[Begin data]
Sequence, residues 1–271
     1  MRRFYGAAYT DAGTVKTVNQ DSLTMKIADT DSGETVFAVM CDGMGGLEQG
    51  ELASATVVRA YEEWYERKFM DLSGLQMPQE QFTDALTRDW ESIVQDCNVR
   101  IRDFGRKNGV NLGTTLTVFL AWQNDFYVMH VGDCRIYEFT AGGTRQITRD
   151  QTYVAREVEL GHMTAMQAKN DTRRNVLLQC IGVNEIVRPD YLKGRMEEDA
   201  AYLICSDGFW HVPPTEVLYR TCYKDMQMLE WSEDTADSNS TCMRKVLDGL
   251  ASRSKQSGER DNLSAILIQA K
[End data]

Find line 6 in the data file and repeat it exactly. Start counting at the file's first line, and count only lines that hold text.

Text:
   201  AYLICSDGFW HVPPTEVLYR TCYKDMQMLE WSEDTADSNS TCMRKVLDGL